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Video Reflection – Compound Words

Video Reflection – Compound Words

The video affirms my prior knowledge of compound words. Compound words are combinations of two words that form one word that is independent and meaningful. For instance, the words “sun” and “flower” combine to form “sunflower.” I acknowledge words can be blended to form compound words, while compound words can be segmented to form two words. Previously, I have interacted with compound words through their formation. Based on the video, I affirm the blending of compound words is easier compared to their segmentation, which subjects a person to challenges of understanding the specific independent words that combine in the compound words. Indeed, blending and segmenting compound words depends on phonemic awareness and letter sounds, which helps one connect letters to form specific words (Institute of Education Sciences, 2016).

Initially, I believed that all students require similar skills when learning about compound words. However, the video states that some students do not require similar skills in blending and segmenting compound words. Hence, a need arises for educators to integrate differentiated instructions to accommodate all students in the learning activities and address their needs to achieve the same level of understanding for all students. Teachers can use Elkonin sound boxes to help students identify specific sounds in a word (Foorman et al., 2016). The teacher can also group the students in pairs or in small groups, where students can interact and share their ideas on how to understand and determine sounds in a word, which helps them understand the correct words, making a compound word for ease of segmentation. Educators should acknowledge the different potentials and abilities in their classrooms to incorporate the best teaching strategies that align with the class needs and ensure no students are excluded or fail to acquire relevant skills in a lesson content due to the teaching method used.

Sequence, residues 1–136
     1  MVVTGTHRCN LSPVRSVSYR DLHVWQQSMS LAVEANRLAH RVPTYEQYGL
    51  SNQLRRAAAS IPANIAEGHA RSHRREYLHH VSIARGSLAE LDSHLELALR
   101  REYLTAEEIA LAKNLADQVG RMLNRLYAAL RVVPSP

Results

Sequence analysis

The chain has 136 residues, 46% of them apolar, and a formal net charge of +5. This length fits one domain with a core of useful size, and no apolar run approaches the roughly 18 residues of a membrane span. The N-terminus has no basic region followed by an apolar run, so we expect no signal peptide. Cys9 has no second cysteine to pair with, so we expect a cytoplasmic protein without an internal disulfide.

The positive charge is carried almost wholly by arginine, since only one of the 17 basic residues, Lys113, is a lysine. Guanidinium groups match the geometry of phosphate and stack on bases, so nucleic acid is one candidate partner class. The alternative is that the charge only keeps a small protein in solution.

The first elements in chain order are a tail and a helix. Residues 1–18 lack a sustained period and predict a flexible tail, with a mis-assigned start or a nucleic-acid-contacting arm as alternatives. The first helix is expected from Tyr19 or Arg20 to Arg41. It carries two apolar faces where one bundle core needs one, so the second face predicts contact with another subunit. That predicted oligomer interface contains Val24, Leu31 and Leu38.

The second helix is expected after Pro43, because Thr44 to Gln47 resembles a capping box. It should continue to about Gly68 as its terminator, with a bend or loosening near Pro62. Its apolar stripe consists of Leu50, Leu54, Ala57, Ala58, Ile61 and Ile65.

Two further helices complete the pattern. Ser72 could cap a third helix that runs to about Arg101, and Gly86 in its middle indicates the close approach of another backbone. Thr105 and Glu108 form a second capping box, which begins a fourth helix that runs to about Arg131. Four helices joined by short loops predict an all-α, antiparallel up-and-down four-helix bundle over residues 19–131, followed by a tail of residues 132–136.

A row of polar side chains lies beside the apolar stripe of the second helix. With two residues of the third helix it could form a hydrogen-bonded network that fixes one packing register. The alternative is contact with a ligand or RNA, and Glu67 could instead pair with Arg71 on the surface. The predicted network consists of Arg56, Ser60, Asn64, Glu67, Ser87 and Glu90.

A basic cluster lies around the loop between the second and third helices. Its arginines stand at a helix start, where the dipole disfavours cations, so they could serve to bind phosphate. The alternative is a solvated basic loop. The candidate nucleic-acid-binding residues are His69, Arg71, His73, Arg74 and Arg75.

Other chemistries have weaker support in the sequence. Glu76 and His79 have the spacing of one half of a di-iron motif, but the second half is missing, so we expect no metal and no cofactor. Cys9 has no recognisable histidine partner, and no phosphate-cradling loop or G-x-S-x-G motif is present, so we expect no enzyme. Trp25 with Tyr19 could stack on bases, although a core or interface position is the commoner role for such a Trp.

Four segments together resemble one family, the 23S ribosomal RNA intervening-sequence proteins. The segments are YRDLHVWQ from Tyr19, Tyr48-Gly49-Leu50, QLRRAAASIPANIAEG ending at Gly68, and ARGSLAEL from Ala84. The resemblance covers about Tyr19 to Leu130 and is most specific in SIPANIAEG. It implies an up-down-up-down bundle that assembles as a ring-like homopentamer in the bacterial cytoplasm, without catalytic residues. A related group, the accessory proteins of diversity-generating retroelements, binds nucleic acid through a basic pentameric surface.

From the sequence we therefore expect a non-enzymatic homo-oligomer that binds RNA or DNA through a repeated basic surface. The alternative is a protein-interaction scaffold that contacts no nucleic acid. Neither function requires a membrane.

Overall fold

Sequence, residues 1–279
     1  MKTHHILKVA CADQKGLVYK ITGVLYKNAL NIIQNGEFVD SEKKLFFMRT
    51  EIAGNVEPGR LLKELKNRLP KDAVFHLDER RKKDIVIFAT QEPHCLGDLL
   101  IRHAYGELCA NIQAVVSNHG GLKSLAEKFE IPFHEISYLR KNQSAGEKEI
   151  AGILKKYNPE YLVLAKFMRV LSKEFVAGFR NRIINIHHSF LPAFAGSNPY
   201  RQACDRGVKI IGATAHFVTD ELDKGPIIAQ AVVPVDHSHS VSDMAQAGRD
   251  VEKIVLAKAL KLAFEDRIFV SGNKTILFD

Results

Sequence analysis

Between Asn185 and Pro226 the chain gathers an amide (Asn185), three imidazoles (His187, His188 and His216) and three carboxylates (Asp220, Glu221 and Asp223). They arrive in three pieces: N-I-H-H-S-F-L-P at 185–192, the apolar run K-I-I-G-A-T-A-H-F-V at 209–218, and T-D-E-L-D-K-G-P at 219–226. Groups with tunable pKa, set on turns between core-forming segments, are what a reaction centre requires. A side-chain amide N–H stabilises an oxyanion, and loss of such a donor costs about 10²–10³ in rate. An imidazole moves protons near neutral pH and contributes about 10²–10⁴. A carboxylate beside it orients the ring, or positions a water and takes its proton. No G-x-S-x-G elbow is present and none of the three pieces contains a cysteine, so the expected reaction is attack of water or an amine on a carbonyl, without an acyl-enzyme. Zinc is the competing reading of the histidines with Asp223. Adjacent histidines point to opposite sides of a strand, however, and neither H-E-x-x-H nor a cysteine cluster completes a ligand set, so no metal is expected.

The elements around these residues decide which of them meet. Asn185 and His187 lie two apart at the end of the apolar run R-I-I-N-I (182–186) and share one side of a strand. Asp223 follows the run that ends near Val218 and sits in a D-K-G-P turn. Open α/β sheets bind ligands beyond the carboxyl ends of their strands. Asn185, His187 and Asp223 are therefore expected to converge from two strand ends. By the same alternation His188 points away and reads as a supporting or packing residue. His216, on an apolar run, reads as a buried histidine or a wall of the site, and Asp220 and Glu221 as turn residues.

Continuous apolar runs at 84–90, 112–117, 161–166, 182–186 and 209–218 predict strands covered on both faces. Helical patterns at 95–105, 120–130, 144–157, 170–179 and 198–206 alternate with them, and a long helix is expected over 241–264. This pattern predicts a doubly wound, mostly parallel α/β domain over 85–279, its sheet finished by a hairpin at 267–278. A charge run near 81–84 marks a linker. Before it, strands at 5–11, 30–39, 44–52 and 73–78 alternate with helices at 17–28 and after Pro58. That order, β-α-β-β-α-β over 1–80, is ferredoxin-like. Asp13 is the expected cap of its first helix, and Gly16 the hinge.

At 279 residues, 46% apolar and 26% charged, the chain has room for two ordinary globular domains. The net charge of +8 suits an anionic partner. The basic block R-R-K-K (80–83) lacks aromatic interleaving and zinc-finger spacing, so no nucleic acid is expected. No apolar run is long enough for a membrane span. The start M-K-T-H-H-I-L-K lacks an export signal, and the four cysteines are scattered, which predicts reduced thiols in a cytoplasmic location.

Foorman, B., Beyler, N., Borradaile, K., Coyne, M., Denton, C. A., Dimino, J., & Wissel, S. (2016). Foundational skills to support reading for understanding in kindergarten through 3rd grade. Educator’s practice guide. NCEE 2016-4008. What Works Clearinghouse.

Institute of Education Sciences. (2016, September 14). Video 11: Compound words [Video]. YouTube.


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After reading What Works Clearinghouse: Practice Guide for Foundational Skills to Support Reading for Understanding in Kindergarten Through 3rd Grade, pages 14-18, watch the following video on Compound Words.

Video Reflection - Compound Words

Video Reflection – Compound Words

To read the 14-18 pages, you can click this link to the WWC Practice Guide.

Before watching the following video, print and record your notes on the corresponding worksheet that can be printed from the Best Practices Video Reflections page.

Watch the video: to an external site.

Post your responses to the following:

  1. Record what you learned that confirms what you already knew about teaching students about compound words.
  2. Record what you learned that contradicts what you already knew about teaching students about compound words.

Remember to comment on your classmates’ posts (at least two).

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